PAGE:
As you know, SEO deals with your organic listings and SEM deals with your paid search advertising. The two are completely separate. Or, are they? When you think of a paid ad, it’s easy to assume that you pay for every click they generate, but research shows that just isn’t true.
Where Do Those Clicks Really Come From?
When we think of the clicks generated by a paid ad, we often think only of the clicks that go directly through the ad. But did you know paid listings are actually responsible for many of the clicks your organic listings get as well?
A recent study from Google from Google‘s lead researcher David Chan looked at this very thing. After examining six months worth of Search Ads Pause studies, he found paid ads didn’t detract from the ROI of organic listings and the clicks they generated weren’t limited to the ads themselves. Chan discovered paid ads could increase the incremental lift of organic listings by an estimated 86%.
In all, Chan found 81% of the ad impressions occurred alongside a related organic result, while 66% of the impressions did not. He was then able to further breakdown the numbers:
- When the related listing appeared in the #1 position, 50% of the paid search clicks were incremental.
- 82% of clicks were incremental, when the related organic results appeared in position #2, #3, or #4.
- When the associated organic result appeared in position #5 or higher, 96% of the clicks were incremental.
This means, if you were to turn off your SEM campaigns, you’d experience an estimated 85% loss in clicks that your organic listing will be unable to recapture. Your profits would take a huge hit, and the only way to stem the loss would be to turn the campaigns back on.
While the above data shows the location of the organic listing affects the incremental lift of paid ads, it isn’t the only factor. Industry, offering, company, surrounding listings and ads, time of year, and the audience being targeted can all have a profound effect on user behaviour and the ROI of organic and paid listings. Regardless, the research proves organic and paid search work much better when they’re planned, executed, and managed together.
How Combining SEO and SEM Can Maximise Your ROI
Some marketing components such as AdWords, social ads, image and video ads, mobile advertising, local ads, and content networks are SEM-specific. Other components such as onsite optimisation, link building, social media, mobile, and local marketing tactics are SEO specific. But you still need to consider both SEO and SEM together to get the most out of every search-marketing dollar.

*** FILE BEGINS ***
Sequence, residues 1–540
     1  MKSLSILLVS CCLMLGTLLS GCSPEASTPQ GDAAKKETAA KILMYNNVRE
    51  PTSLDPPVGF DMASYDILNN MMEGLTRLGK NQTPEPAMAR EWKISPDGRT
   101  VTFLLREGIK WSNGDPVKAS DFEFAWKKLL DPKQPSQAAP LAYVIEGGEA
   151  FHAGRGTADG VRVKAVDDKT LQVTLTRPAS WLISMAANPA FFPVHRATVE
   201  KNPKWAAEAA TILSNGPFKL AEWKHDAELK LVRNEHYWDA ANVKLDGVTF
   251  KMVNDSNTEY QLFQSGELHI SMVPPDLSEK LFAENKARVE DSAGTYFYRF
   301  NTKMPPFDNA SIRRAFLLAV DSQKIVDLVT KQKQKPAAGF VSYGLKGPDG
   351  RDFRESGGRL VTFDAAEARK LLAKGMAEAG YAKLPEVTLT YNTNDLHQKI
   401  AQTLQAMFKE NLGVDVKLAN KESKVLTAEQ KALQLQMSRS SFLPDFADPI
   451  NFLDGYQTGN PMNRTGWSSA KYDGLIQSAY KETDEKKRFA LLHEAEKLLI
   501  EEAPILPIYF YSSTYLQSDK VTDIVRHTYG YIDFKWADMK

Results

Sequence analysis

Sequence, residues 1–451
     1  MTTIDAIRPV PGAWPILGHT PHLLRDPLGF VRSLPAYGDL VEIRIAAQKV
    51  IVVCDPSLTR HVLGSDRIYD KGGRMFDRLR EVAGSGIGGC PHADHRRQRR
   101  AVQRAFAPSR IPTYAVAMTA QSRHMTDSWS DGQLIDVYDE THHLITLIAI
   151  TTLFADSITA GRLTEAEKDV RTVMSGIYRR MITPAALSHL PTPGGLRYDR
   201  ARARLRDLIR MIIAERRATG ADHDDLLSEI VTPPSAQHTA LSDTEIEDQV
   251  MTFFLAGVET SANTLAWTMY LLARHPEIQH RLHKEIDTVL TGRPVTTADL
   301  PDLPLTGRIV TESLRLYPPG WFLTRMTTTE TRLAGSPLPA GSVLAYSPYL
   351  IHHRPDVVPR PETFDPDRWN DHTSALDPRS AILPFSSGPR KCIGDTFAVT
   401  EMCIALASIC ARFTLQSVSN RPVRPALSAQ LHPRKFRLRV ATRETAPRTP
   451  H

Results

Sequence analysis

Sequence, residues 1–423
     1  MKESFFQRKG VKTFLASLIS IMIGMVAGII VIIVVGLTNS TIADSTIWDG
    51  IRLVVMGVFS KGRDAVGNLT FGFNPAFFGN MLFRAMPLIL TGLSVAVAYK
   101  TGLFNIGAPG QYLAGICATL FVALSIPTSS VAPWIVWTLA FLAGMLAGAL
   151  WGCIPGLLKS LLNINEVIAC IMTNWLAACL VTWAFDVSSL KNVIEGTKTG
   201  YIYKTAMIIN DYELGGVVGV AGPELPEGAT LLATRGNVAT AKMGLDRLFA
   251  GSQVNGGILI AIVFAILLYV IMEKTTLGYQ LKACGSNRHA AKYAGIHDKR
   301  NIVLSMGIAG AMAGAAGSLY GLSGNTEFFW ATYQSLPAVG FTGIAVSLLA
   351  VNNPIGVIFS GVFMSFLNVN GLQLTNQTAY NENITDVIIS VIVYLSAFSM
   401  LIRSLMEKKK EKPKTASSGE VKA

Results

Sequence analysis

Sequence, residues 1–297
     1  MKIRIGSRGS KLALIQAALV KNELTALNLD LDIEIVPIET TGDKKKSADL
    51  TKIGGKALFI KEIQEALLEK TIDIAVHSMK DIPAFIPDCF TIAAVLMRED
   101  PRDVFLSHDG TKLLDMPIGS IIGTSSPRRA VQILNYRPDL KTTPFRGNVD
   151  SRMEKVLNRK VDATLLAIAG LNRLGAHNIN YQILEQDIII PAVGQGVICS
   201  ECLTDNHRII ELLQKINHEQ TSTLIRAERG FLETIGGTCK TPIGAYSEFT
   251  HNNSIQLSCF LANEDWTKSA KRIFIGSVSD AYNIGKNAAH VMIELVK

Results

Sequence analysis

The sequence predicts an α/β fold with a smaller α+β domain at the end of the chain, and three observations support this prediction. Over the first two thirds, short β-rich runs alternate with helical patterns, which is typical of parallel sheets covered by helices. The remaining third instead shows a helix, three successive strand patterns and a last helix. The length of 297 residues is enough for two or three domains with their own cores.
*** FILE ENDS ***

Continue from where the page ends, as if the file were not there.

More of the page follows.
By considering paid and organic search when designing a search strategy, for instance, you can get an accurate look at the entire marketing environment. It’s then possible to identify the most profitable long and short-term opportunities, and adjust your SEO and SEM strategies to maximise return and obtain your objectives efficiently. Lastly, if something changes, you can easily adapt your SEO and SEM strategies and budget to meet these new needs.
Both search marketing methods should also be included in your KPI and reports. Again, this gives you a more accurate picture of what’s going on, allows you to get more accurate measurements, and ensures both methods are on track when it comes to achieving your goals.
Keywords and keyword research should also take SEO and SEM into account. Armed with a large list of terms, you can examine each keyword and identify the specific traits associated with each one (the amount of potential traffic, the search cost if they were to be included in a paid search campaign). Then, you’re able to distribute the keyword phrases between your SEO and SEM campaigns in a way that keeps spending down while maximising opportunity.
Landing page optimisation can also benefit from this approach. For example, we use SEO keyword phrases to optimise landing page content. This brings in more traffic and improves the landing page’s quality and relevancy score, keeping SEM costs down. In short, we use SEM to improve the results of your SEO campaign and vice versa.
Because SEM includes testing to maximise click-through and conversion rates for each keyword, you can collect and use this information to create more effective content and meta descriptions. And the same goes for competitor analysis. You can get a more accurate idea of what each competitor is doing, and therefore, it’s easier to identify opportunities, strengths, and weaknesses.
Investing in SEM for terms you’re already ranking for organically might seem like a bit of a waste at first, but when you consider the benefits of using SEO and SEM together, how can you afford not to?